OK, I’m stalling with this blog. I started letting my one-post-per-port system drop in Cadiz.
Cadiz was a port where second time around, literally nothing happened. It was extremely boring, I only had two hours off.
Then came Gibraltar. The problem with Gibraltar was is was far, far too interesting.
In crew bar the night before, I'd overheard a conversation between two people I vaguely know, talking about finding a camera shop in Gibraltar. Ears burning, I butted in and said 'hey, I know where there's a camera shop in Gibraltar'. The girl who was asking, I'll refer to as L, as I’ve been trying not to name people in this public blog. The result was we went into Gibraltar together the next day to find the camera shop where I bought my card reader.
The shop was shut, so we started walking up the hill to find some monkeys (or Barbary Apes as they really are). We found some, but the castle turned out to be too expensive for either of us. By means of apology for dragging her up and down a small mountain, I bought L a coffee. On the way back down, I walked her down the main street, which, as I now know, is thick with pro camera shops. I'd made a friend for life.
First day I didn't know what L made of me, but considering we've spent most of our time together since we became firm friends that day.
I don't really want to bring any other characters into this blog besides myself, but as I’m barely leaving the boat without L at the minute, it's impossible to leave her out.
Malaga I spent the whole day trying to find an HSBC bank to register my pin with. After walking miles down a road tourist info said there might be an HSBC down, and finding nothing but Santanders I began trying my card with it's brand new pin in every machine I could find. Finally, I came up trumps. 'La Caxia' would not let me see my balance or change my pin, but it would give me cash. Nice to know that if my card was pinched they couldn't do anything with it – except steal all my money.
Barcelona, I overslept. Probably because the night before I'd spent several hours dancing with and chatting to L. Without making this into something it isn't, I’ve genuinely found one of the most fascinating people I’ve ever met. Anyhow, I only got to see a couple of hours of the city, and with the boat moored a half hour walk away from the city it took me an age to get there, but I ended up at the second hand market in the bottom of Los Rambles. I got a few pressies and a patch for my Uke case. It reads 'Cat Power' who are a band I saw at Glastonbury, but somehow I don't think this patch was made for them. I have to find out what it means.... it makes me uneasy knowing its on there without knowing its other meaning.
In Malaga I'd bought rope and thread. I'd already found a needle in the carpet of my cabin and I set about making an adjustable carry-strap for my ukulele case. I’ve realised in previous blog posts that the Ukulele is a flirting master-tool. Sorry, friend-making master-tool I mean. Now my uke travels with me to every city.
The next day was Toulon, and I got up mega early with L to hit the port before she stared work. We accidentally found a rock festival, and listened to this amazing French jam band, a bit like Santana, but funkier, with two gorgeous dreaklocked girls singing and playing guitar. We walked around the port, L with her SLR, talking and occasionally she'll freeze, turn the camera on and photograph something inane. When I look on the view screen at the back, the mundane has become beautiful. It's weird.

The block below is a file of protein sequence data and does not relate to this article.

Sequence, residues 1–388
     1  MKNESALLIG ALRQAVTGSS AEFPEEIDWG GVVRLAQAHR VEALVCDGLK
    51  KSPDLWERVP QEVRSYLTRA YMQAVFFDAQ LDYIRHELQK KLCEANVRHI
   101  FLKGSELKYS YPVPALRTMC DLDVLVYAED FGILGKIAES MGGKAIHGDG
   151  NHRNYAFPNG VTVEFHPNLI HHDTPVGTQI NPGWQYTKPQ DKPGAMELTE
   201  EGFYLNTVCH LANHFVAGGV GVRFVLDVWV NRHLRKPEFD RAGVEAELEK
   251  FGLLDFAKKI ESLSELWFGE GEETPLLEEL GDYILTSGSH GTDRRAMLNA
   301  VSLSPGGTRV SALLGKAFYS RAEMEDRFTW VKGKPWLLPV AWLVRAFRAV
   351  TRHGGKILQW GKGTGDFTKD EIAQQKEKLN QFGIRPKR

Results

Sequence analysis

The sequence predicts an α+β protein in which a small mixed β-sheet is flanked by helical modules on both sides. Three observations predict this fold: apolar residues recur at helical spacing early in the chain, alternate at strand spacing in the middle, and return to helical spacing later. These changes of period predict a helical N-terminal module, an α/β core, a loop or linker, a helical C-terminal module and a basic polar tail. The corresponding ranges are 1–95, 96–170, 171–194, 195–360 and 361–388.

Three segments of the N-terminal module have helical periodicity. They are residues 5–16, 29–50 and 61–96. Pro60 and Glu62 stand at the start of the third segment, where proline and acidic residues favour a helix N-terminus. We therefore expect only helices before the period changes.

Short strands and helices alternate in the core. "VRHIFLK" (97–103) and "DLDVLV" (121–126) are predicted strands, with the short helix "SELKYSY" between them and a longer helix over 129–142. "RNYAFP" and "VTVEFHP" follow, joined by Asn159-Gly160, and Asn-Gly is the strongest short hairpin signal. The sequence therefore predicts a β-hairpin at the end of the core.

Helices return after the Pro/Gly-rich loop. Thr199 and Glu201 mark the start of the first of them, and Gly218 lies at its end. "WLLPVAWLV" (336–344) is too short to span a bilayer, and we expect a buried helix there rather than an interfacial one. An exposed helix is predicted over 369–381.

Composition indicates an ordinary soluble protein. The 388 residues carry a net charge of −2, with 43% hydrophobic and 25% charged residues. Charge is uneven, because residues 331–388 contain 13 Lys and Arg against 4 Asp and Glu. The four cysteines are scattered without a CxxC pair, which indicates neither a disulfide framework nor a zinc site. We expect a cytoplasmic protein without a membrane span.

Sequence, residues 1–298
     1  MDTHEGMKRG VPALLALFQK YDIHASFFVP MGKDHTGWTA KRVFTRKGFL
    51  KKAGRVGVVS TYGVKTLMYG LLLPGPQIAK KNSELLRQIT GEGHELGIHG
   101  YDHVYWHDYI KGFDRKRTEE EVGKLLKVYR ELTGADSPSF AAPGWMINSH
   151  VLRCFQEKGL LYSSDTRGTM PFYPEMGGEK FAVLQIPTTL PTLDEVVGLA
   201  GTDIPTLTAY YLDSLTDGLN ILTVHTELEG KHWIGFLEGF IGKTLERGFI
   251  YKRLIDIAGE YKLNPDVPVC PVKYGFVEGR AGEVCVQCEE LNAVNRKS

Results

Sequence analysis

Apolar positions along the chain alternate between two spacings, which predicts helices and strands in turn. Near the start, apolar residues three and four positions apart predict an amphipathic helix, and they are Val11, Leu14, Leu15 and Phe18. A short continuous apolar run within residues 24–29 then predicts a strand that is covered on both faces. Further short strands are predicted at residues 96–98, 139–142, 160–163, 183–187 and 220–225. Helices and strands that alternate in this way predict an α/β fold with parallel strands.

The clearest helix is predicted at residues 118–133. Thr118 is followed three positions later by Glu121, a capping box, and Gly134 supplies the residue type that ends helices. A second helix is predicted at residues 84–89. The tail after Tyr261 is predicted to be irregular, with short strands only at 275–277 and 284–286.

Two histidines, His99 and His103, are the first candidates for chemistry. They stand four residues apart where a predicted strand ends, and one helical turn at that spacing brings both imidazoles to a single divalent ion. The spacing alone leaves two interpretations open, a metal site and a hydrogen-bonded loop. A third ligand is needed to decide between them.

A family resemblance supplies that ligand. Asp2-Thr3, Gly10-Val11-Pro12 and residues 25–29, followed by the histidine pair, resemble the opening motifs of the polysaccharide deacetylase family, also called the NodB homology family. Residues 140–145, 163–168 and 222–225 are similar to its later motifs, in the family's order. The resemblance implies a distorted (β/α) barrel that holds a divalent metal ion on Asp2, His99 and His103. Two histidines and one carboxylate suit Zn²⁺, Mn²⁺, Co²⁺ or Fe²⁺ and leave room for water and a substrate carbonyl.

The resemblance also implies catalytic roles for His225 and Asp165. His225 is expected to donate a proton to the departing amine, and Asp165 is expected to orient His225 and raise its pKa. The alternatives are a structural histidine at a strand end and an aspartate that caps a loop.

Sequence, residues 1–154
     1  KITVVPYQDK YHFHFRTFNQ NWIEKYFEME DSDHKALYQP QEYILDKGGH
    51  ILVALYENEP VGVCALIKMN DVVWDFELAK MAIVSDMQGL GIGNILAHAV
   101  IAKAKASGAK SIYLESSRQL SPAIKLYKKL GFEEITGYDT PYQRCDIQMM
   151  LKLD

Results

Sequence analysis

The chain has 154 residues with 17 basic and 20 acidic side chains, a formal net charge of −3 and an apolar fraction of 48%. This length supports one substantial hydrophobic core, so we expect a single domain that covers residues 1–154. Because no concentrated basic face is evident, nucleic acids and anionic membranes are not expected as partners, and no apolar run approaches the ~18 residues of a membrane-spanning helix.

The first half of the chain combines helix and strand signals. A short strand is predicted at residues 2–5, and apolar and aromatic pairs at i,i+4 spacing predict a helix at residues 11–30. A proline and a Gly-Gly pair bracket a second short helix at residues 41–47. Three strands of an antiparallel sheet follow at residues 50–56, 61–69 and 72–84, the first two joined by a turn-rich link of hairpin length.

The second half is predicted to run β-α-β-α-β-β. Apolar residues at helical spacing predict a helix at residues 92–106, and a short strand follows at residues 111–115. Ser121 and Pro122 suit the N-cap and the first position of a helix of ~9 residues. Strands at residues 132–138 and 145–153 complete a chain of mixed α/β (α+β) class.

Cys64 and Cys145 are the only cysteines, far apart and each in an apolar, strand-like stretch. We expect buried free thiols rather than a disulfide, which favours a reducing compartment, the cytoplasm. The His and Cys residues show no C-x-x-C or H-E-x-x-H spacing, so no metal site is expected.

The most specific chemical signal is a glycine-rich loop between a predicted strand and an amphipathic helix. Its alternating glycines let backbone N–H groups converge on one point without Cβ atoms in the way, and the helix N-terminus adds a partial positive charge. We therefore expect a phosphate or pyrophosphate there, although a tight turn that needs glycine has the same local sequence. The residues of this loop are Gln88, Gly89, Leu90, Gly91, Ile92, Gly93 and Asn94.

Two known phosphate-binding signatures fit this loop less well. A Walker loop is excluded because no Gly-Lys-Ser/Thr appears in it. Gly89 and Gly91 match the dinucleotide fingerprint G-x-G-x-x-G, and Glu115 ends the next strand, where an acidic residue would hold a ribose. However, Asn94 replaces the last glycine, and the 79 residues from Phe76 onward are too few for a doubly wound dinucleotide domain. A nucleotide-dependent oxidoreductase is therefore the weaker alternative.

My sets have been getting better and better this week. My playing's just dropping into place, mainly thanks to Steve, who's back on board today, raving it up with us in Crew Bar. Today L heard me properly for the first time, be it from around the corner where she was photographing passengers in front of a giant fake sunset. 'It frames you nicely!' I told her as we chatted, her SLR in her hands as always, like an extension of her body.
It was Mahon today. I love Mahon.We wondered up through the town, and walked out in the non-obvious direction, right from the port. We found a track leading out into idyllic countryside, unfamiliar plants and wildlife. We walked out as far as we could, both photographing everything. We were rewarded by a few of true rural Spain. This is what Laurie Lee must have seen and experienced, and a side of Spain neither of us had seen before. On the way back we got wonderfully lost, and climbed down the giant port wall by a different method. Tiered with gardens and wonderful views, L climbed over the wall, thrusting her camera at me. 'Hold please'. So as L climbed precariously out onto the port wall, photographing the perfect abyss of the harbour, with silt diggers on barge penetrating the blue, I sang her songs on my ukulele.
We came back down to find L's Indonesian colleague, a cheerful photographer, also with a permanent SLR addiction. Only N is most commonly found deeply lost in her phone. We played on the swings, taking turns and crazy pictures with all three cameras. I lay on the floor singing nonsense songs.
'We're sailing in the Majesty
On the Mediterranean sea
If only had wifi for free
You would be our heaven'
All to soon we had to get back on board ship, but things are changing. I was wondering how I was going to get through 3 months of solid Majesty ship life, now I don't know how I’m going to leave it behind.
'Two months was a very long time now
Two months is a very short time
Toulon is-a bright sunshine and
Gibraltar is a very long climb'
Well, at least I’m writing again.
Love you and miss you all,